The office currently employs roughly 140 people, according to an online count by the independent group Democracy in Action. The April photo appears to show the section of the office used by many of the roughly 80 staff who work on technology-related tasks, such as video production, software development and data analysis.
No employer could argue that there’s a lack of qualified African-American office staff in Chicago, said Sharon Jones, a diversity consultant in Chicago.
“We’re in a situation where we have huge unemployment … [and] for racial and ethnic minorities, unemployment rates are double” that of whites, said Jones. “There are a lot of minorities who could fill jobs … [and] there are people who could move [so] I don’t think there is a lack of human capital.”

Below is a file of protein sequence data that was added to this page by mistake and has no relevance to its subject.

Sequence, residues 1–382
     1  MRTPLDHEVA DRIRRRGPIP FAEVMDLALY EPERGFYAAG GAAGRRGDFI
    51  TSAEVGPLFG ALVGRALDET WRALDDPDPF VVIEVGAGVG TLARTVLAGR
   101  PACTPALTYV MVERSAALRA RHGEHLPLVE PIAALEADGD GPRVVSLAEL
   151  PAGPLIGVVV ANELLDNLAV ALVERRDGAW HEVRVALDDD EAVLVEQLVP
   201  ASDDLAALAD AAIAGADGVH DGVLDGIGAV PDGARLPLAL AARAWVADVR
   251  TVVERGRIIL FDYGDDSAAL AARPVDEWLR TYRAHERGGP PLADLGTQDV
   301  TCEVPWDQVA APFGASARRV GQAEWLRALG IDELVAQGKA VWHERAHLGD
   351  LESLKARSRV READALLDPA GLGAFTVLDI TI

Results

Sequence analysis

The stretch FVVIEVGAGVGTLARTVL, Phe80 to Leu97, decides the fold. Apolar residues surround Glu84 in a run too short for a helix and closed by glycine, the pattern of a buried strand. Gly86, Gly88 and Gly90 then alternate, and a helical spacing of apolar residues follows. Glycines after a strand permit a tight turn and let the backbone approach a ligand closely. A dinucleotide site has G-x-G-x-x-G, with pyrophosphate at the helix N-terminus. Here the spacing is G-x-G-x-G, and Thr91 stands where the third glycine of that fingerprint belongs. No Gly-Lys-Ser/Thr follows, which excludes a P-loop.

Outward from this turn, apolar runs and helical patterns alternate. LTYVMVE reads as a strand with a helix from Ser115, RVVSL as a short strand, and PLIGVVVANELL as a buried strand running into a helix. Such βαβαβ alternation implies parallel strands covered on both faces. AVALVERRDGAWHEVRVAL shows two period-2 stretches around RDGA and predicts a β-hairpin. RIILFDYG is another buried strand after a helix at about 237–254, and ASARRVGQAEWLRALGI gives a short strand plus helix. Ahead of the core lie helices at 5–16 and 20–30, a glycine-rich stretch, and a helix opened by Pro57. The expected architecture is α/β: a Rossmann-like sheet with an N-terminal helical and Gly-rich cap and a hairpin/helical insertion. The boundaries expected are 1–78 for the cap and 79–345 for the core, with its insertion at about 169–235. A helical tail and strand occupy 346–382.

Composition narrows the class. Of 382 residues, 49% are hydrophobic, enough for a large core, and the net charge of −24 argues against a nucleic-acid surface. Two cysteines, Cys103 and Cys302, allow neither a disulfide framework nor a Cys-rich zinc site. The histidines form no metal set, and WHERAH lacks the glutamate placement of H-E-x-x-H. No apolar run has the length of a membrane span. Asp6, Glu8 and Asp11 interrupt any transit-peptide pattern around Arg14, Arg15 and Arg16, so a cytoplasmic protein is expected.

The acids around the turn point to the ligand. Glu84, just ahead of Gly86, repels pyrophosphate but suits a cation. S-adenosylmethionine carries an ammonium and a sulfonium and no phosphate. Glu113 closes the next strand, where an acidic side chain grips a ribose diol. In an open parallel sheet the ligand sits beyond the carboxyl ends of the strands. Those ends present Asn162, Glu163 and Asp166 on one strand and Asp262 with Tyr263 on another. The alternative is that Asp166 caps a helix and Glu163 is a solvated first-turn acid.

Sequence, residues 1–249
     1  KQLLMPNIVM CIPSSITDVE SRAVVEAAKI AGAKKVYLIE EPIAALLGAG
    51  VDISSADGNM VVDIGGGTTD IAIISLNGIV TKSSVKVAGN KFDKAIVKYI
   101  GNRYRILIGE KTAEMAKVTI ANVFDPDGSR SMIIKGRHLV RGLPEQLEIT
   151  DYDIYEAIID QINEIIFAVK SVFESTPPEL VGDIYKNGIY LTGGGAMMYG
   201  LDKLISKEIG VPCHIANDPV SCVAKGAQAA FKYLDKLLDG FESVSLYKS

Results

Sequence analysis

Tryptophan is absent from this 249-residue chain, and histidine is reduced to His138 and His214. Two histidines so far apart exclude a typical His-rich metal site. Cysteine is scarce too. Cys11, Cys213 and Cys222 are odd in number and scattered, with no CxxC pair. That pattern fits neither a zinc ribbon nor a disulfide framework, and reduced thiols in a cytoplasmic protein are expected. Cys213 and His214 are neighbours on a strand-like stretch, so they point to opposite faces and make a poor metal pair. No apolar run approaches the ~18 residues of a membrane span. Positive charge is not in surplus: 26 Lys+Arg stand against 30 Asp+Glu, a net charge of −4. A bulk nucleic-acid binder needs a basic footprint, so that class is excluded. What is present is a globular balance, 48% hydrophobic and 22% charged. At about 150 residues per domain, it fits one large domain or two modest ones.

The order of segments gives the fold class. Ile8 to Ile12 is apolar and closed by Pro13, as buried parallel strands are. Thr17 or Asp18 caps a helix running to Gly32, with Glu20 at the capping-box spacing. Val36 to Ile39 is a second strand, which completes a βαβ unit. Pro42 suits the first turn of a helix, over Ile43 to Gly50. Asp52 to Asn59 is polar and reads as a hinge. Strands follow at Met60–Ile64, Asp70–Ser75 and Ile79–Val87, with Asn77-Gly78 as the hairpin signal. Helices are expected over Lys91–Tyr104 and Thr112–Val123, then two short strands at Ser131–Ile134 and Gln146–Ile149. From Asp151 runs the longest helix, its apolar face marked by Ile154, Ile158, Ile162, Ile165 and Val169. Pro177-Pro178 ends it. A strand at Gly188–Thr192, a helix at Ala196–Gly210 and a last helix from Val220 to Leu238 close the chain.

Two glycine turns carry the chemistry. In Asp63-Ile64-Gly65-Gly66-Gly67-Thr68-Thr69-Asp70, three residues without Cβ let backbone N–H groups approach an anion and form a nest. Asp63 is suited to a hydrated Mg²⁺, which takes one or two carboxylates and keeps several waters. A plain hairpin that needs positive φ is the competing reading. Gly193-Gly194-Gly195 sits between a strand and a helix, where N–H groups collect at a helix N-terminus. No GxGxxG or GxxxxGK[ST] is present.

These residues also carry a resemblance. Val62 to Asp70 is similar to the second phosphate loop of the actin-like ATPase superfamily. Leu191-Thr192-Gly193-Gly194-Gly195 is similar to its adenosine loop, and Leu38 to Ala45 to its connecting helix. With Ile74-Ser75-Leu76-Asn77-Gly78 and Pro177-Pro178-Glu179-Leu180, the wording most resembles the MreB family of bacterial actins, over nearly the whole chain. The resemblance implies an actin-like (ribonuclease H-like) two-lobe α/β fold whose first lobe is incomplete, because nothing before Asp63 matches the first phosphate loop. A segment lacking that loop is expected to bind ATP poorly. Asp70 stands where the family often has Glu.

Also, employers with an earnest desire to hire minorities turn to professional groups, such as Black Data Processing Associates, whose 8,605 members include software writers, graphic designers and video producers. “We get calls all the time from major corporations looking for black designers. … I could send them a list of 25 or 30 people right away,” said a manager in the association.
The campaign’s staff does include several African-Americans, and some Hispanics. For example, the campaign’s website features Loren Reedy, a receptionist, and Sheena Patton, the human resources director.